The idea for the quilt came from a cup that was distributed by Starbucks. I loved the flowers which were created by hearts. It was an easy project to design and the way I made it allowed for my family help me assemble the top. For Susan’s quilt, my husband and one of my nephews glued the appliques for me and working as a team we got that sucker done in a day!
When I learned that a friend and colleague from my husband Steve and son Nathan’s work was mounting an epic battle against breast cancer, I immediately wanted to make her a quilt like Love for Susan. However, many things slowed the progress and it took me a long time to finish the project. I made all the appliques and Steve and Nathan worked with me to glue them in place. It was so nice to be able to do this together. This month we were finally able to give it to her.
She has endured three surgeries, rounds of chemotherapy and now radiation, but she is fighting a good fight and we were so glad to finally give her a token of our love, support and admiration.
I can share the ideas and designs of this quilt with you and give you instructions to make it, but because the design was distributed by Starbucks and is likely under copyright, none of us can make the pattern or the quilt to sell. But I am sure they won’t mind if we share the Loving Hearts Quilt with friends and family. It is so pretty and quick to make when you really want to support someone special.
Here’s how to make the Loving Hearts Quilt –
Send me an email at maverickquilts at gmail dot com and I will email you templates for the hearts and leaves
Background piece of fabric 55″ x 70″ (can be pieced if you can’t get wide yardage)
Scraps of pink fabrics
Scraps of green fabrics about 6″ x 10″
Large scraps of green fabrics (2) about 14″ x 18″
UHU Glue stick or lightweight fusible web (see note below)
1. Make three heart sizes by folding a piece of paper in half and cutting it into three sizes (or use templates from my email – see note above). Begin with pieces of paper 6″, 5″ and 4″. Transfer the templates onto freezer paper.
2. Rough cut chunks of pink fabrics in the three sizes. 15 of each size for a total of 45.
Note: At this point you can add fusible to the backs of each piece of fabric if you don’t like the raw-edge look and don’t want the edges to fray. Trace the heart pattern to the paper side of the fusible.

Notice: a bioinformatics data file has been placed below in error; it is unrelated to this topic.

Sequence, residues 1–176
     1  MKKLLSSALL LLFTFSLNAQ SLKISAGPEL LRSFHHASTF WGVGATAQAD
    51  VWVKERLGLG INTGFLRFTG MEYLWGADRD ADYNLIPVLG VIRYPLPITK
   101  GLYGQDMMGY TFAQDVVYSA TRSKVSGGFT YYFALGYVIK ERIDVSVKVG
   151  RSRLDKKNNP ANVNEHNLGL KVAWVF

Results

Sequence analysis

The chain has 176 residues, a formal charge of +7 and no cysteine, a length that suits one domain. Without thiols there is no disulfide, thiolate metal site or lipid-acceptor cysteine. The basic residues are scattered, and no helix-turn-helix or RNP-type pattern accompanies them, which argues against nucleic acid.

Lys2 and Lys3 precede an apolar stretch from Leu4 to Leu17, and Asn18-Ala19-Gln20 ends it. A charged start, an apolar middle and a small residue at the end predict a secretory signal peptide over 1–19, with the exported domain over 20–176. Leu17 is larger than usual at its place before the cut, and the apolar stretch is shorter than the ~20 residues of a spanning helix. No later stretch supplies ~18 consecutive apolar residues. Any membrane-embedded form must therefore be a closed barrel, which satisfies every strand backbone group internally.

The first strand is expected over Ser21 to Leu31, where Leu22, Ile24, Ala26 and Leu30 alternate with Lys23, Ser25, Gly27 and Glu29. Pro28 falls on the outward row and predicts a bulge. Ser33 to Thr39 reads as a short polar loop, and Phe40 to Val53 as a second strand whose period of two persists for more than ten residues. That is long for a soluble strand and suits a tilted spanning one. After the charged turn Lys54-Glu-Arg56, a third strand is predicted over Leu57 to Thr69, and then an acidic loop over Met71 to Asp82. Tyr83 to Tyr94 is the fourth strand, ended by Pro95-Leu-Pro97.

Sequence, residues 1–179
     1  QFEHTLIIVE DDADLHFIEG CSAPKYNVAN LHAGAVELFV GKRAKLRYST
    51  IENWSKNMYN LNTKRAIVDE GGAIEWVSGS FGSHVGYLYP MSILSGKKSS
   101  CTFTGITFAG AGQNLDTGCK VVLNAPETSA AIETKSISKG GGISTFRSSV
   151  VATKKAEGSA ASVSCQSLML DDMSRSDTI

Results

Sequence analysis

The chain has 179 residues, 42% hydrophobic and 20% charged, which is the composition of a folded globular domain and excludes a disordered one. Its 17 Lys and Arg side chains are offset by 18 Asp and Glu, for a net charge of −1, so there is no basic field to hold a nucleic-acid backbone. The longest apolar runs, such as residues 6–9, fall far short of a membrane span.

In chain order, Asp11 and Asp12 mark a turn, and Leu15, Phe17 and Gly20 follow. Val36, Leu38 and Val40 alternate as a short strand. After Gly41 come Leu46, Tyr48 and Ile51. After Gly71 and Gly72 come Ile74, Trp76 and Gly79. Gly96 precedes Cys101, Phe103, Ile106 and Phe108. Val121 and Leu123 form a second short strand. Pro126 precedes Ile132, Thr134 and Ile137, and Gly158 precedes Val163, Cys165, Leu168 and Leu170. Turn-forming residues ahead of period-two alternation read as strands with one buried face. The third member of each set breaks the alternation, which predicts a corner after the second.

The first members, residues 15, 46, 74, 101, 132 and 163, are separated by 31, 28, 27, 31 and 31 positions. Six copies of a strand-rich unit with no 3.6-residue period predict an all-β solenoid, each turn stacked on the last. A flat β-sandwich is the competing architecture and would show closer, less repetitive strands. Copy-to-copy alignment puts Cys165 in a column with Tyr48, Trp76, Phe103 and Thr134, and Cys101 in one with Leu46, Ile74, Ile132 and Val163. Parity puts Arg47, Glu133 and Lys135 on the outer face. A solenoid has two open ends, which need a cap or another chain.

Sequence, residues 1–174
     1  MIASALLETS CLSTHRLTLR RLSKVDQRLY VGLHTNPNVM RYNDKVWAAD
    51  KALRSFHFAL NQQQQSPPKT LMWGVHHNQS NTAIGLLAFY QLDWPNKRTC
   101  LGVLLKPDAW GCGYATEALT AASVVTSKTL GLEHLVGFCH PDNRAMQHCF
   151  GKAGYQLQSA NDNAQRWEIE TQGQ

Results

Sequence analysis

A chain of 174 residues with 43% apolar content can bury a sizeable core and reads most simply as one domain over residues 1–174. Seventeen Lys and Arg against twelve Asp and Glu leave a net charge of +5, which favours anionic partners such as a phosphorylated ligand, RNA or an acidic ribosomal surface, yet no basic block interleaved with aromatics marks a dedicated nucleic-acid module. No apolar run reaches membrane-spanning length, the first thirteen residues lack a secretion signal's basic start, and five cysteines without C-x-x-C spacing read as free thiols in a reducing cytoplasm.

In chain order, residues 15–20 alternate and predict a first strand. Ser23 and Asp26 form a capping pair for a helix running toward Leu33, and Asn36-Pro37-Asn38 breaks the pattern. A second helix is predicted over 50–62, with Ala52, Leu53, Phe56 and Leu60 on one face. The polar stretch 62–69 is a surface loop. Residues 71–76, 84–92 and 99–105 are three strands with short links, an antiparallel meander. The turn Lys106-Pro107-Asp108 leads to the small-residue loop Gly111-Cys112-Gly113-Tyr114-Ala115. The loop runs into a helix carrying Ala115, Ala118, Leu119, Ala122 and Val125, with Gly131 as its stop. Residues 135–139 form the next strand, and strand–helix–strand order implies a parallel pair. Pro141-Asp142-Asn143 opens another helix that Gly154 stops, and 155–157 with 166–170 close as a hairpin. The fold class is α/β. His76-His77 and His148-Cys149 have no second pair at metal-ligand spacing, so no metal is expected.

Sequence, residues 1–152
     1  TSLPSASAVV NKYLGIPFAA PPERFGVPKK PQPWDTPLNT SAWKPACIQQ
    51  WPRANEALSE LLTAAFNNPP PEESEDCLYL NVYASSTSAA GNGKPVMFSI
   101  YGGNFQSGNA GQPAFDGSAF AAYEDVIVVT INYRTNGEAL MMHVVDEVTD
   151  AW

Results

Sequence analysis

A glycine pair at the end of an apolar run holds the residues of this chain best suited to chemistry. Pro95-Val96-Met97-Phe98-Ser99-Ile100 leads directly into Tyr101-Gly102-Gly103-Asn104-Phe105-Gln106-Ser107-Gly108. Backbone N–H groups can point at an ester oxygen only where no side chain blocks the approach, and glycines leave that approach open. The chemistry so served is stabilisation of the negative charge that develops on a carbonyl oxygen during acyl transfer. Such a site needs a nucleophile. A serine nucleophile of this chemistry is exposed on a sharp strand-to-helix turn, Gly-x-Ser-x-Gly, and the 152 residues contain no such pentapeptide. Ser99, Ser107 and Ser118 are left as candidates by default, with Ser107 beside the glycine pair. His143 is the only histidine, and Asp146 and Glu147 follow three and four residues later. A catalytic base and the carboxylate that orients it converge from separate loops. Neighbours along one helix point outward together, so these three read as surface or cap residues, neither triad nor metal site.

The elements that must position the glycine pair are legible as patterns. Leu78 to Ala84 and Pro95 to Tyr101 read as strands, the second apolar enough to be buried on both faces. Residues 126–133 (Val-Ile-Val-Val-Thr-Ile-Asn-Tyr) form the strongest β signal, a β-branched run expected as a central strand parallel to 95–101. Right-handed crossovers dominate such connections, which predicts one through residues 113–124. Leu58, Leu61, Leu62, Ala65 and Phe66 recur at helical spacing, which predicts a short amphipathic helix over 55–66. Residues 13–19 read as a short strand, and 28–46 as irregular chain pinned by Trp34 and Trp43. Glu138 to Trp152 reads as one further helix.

3. Press 3 pieces of fabric in a stack
4. Pin with flat head pins
5. Iron the freezer paper template to the top of the stack, on top of the pins
6. Cut out the hearts.
create 15 of each size
7. Use the same technique to create 22 small leaves and 2 large leaves.
8. Create the flower stems by cutting a 1 1/2″ strip of fabric and dividing it about 2/3 of the way.
9. Create the leaf stems by cutting a strip of fabric 3/4″ and subcut it into 22 stems 1 3/4″ long.
10. Cut the background fabric to 55″ x 70,” or so. Put it on a large flat surface with sheets underneath (so you can iron on it) or on a design wall that you can iron on.
11. begin creating the flowers by laying out 5 hearts for the middle, then add the next layer of (10) hearts to surround the center.
12. Get all the flowers in place.
13. Add the border leaves, leaf stems, flower stems and flower leaves.
14. Fuss it all until it looks balanced and even.
Note: If you are using fusible, press everything in place now.
Get some help! I was able to make this quilt as a family project. My husband and my son each manned a glue stick (I prefer UHU brand) and I wielded the iron. I handed a heart to one of them and marked and removed the next one. They would glue the back side, and I would put the hearts back on the background and iron them in place. It felt good to all do something together for someone we care about.
a. Mark each heart’s location on the background with a pin at the point and a pin at the ‘v’.
b. Add glue to the entire back of heart, taking care not to stretch out the bias parts too much.
c. Repeat the same system for the leaves and stems.
If you can get it quilted on a long arm, then the whole project can be completed fairly fast.
I quilted it with lots of circles on the backgrounds, leaf veins in the leaves and hearts and circles in the hearts. By sewing about 1/4″ inside the edge of each applique, I was able to create a raw edge. This will fray nicely when you wash the quilt.
Our friend is a really girly girl, so I had to use Minkee on the back and a puffy wool batting inside. It looked so great on the back!
Then I washed it on gentle in my washing machine and dried it on medium heat in the dryer.
When it comes out of the laundry, the raw edges need a little haircut in places to make everything look clean and tidy.
Send me photos and messages when you finish your quilts. We can all get strength from sharing love with the brave people who are fighting cancer.